In late August through the end of September, the French take to the country in search of the elusive truffle and its sister the mushroom. It is also during this time that Americans take to the country searching for their own culinary treasure – orchards full of apples and pears.
This weekend, I was fortunate enough to take part in one of these traditions – apple and pear picking. And, it was during this time that I began to wonder about the similarities between the two.
Although the two pastimes may seem very different – mushrooms are fungi gathered from the ground while apples and pears are fruit gathered from trees – the process of hunting for apples/pears or mushrooms share similar guidelines that the hunter and gather must follow.
- Size – Both mushrooms and apples/pears must be a certain size before they are picked. Mushrooms must be past the point where they have relased their spores and apples/pears must be large enough to ensure full ripeness.
- Tools – In France, mushroom hunters are not permitted to use tools – except for knives – to forage. In the case of apples and pears, most gatherers use their hands or carefully shake a tree to catch the falling fruit.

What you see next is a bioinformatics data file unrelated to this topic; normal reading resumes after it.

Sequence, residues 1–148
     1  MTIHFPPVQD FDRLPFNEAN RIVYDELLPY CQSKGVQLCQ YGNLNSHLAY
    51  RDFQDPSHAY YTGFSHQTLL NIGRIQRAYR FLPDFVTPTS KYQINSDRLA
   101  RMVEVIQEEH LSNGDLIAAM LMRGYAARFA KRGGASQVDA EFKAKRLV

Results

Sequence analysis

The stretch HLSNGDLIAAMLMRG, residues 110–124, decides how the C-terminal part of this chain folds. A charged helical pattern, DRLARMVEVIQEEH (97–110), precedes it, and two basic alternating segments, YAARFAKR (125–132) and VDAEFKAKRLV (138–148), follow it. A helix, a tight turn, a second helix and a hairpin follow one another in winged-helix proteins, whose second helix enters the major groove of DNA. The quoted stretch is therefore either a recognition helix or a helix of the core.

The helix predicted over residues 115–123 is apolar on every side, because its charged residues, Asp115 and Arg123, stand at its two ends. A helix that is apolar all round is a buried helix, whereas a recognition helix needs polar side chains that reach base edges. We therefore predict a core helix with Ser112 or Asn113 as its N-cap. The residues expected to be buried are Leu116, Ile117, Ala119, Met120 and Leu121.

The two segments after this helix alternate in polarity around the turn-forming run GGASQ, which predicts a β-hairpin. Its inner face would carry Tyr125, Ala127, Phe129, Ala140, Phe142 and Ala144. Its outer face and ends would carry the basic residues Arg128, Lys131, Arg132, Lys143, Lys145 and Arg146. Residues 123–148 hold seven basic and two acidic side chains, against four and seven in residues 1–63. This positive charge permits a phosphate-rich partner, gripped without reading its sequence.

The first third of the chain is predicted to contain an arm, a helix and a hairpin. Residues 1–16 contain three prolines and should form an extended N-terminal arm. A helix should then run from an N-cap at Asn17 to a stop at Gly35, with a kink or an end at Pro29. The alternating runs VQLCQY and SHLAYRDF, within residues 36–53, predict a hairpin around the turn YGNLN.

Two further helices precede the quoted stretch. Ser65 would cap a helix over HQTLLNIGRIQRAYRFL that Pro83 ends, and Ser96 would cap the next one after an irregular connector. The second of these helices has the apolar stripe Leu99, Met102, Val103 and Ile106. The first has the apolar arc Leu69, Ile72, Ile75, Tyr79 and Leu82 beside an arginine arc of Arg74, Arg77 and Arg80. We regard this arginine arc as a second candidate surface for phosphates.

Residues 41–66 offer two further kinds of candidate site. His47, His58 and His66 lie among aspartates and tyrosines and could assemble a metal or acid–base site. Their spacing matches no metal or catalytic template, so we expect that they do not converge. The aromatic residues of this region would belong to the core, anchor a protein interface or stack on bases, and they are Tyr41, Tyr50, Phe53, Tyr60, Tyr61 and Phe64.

- Method of Transport – In France, mushrooms must be carried in a wicker basket in order to allow the spores to fall to the ground and help propogation. Although apples and pears don’t require specific transport methods, bags are often handed out at orchards to monitor prepaid amounts.
- Cleaning – It is recommended that mushrooms are carefully washed before being eaten; while the same goes for apples and pears.
Beyond these rules, mushroom hunting and apple/pear picking share another similarity – the gatherer’s patience and delicate hand often result in a basket full of late summer goodness. So whether you’re in France hunting for mushrooms or in the US picking apples and pears from a free – follow the rules and enjoy your harvest!